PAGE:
This is a follow-up to my last post about inauthentic authenticity in language.
As well as prioritising NNNS (Non-non-native speaker – yep, I might as well stick with it, I can’t think up any better alternatives for now!) teachers for their alleged ‘real’ and ‘authentic’ language, another related aspect that was mentioned in the comments to my last post is that NNNS teachers are also seen as having cultural capital.
But, what do we mean by having knowledge of a target language culture and is it really so exclusive in our 21st century hyper-connected world?
The idea that teaching language is so intertwined with teaching culture is inescapable for some of us. On the surface, English teachers are just supposed to be ‘language’ teachers, but for NNNS, at least, this seems impossible because of who they are. Maybe NNS are allowed to be just ‘language’ teachers and maybe some of them are, but as a NNNS I am made to feel that I have this extra dimension that I am expected to provide and that seems difficult to get away from. It might be interesting to try, but I think that my cultural background and NNNS status are so synonymous (in the minds of students) of who I am and what I do, that it would be difficult to do without being rude or dismissive.
I don’t actively (or at least consciously) put that much cultural input into my lessons when I’m preparing worksheets etc, but students DO ask a lot of questions and I also offer (voluntarily) cultural information and asides during the natural course of a lesson. If it helps with student motivation and makes the language more meaningful and ‘real’ or ‘alive’ for the students I suppose it’s a good thing, but I’m not sure that my students realise that my cultural perspective is only ONE cultural perspective that is becoming more and more distant and less authentic the longer that I am away from that culture.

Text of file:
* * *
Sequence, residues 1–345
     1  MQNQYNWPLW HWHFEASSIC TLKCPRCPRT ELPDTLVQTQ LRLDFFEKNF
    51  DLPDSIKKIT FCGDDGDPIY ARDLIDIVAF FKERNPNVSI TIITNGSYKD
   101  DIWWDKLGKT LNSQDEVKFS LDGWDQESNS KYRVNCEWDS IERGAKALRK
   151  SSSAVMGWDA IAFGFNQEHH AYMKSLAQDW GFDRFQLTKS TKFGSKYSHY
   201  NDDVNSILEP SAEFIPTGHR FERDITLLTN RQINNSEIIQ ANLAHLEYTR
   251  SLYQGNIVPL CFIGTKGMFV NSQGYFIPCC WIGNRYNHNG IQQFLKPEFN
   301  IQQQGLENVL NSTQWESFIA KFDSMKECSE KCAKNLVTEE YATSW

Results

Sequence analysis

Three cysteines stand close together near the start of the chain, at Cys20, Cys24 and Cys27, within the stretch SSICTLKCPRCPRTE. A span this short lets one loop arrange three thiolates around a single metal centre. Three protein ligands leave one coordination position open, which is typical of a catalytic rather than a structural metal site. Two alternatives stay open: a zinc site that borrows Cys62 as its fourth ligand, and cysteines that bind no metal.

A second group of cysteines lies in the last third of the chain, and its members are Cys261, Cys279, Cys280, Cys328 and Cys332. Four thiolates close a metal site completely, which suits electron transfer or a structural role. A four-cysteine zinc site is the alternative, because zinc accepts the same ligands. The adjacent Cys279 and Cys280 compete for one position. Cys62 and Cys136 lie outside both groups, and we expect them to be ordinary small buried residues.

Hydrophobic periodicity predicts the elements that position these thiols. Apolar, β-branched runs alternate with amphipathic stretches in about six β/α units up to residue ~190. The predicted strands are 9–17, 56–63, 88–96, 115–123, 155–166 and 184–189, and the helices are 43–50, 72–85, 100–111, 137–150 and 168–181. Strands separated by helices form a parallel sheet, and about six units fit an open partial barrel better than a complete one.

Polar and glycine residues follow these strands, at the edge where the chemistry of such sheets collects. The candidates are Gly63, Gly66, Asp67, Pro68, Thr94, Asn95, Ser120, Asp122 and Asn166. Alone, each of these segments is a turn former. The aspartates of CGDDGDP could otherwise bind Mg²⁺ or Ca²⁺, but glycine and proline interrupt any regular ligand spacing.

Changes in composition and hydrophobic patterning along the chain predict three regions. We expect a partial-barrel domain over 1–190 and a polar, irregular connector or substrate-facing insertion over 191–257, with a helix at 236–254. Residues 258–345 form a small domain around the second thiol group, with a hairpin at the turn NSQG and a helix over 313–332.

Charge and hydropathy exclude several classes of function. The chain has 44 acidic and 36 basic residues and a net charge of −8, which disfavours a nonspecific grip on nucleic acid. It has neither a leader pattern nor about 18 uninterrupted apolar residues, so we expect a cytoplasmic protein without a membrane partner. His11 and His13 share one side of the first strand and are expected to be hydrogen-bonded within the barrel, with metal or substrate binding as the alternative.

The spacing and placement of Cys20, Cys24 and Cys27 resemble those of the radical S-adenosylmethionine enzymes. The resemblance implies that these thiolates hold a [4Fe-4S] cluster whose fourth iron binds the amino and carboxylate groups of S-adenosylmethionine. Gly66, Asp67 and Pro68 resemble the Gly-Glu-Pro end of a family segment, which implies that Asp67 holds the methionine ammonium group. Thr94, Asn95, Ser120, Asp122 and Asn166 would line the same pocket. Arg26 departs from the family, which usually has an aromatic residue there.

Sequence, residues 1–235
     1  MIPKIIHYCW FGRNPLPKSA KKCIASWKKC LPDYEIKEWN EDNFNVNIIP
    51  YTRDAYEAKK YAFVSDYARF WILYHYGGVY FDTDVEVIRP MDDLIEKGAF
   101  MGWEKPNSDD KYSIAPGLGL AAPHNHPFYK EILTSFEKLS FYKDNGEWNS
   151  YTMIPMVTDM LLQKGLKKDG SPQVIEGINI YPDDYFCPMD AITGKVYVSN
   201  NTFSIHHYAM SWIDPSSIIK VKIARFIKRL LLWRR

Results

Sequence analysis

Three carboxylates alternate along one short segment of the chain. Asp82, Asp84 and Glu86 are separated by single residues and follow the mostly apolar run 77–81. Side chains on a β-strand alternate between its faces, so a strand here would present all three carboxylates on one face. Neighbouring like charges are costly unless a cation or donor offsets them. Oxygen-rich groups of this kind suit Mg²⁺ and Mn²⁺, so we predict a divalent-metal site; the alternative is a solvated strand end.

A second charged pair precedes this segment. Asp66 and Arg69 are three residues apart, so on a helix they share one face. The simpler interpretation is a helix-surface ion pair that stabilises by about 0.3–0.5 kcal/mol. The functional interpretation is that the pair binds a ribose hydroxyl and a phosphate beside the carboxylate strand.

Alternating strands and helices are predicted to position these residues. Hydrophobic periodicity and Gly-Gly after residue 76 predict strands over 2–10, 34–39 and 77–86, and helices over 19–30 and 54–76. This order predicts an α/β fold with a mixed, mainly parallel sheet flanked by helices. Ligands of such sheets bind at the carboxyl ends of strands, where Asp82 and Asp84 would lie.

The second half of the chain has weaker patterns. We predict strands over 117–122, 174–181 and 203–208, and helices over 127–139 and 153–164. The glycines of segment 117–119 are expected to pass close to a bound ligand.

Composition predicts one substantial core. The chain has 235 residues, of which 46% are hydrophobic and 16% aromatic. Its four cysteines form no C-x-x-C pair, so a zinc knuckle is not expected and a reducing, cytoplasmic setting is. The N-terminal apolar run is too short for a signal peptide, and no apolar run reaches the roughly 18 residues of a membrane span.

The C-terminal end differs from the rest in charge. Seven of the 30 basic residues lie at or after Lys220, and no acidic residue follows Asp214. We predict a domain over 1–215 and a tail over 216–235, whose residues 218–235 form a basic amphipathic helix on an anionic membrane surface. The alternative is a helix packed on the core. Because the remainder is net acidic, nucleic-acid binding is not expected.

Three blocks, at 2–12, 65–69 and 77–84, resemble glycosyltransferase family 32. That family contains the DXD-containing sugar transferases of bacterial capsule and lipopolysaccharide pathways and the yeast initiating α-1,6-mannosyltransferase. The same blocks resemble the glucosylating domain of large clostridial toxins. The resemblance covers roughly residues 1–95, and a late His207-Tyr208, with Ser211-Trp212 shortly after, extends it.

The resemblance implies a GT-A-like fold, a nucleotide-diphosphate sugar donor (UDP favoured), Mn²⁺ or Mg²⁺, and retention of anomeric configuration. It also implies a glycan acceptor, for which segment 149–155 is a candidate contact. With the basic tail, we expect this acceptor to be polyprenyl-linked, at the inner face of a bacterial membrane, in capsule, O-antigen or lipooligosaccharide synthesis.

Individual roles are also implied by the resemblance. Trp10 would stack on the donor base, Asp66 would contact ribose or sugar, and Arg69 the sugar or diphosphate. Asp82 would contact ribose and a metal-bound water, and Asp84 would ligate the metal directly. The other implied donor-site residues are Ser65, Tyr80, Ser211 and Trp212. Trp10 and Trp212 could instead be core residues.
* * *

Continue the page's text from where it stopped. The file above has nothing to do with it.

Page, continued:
As an EFL teacher, I have been living outside of my home culture since 2002 (all of it in Japan), which in our fast-moving, digital age might as well be 1902! The last time I was in the UK, absorbing the culture and unknowingly filling up my well of cultural capital (which after 14 years has pretty much run dry!) there was no Facebook or Twitter, no Skype (I used to charge up a phonecard to call home), Youtube didn’t exist until 2005 and internet blogs were just getting started (WordPress started in 2003). No Netflix or iPlayer and online presence for most newspapers and media outlets was restricted and still very much one-way. Tony Blair was the UK Prime Minister, same-sex marriage was illegal in Britain, England had a nearly half-decent football team (this is debatable of course!) and you could smoke in restaurants and pubs!
Over the last 14 years television, music, art, politics, literature, food, values, customs, social mores and even language itself have all changed immeasurably. My pre-millennial cultural knowledge is anachronistic and irrelevant to my first year university students who were barely out of nappies when I was last a genuinely culturally and linguistically pure authentic NNNS.
I do try to keep up with what’s happening in the UK of course, but my consumption and understanding of contemporary British culture comes solely from the Internet these days, which anyone in the world can also access! So, either I am a fake/proxy British culture expert or anyone with an Internet connection can be an equally valid culture expert or cultural commentator, which makes a nonsense of the supposed cultural capital of the NNNS.
Not only that, but as with forcing our own narrow version of ‘authentic’ language on our students, by doing the same with culture we may be doing them a dis-service. By presenting one (most probably outdated) specific set of cultural norms as ‘English/target language culture’ we may be narrowing their scope of references and making it more difficult for learners to communicate effectively with the people they meet in English, who will inevitably inhabit a diverse range of cultural backgrounds. At the same time, by adopting some imagined sense of target language cultural norms, students run the risk of divesting themselves of their own unique cultural (and linguistic) background, which is a part of who they are.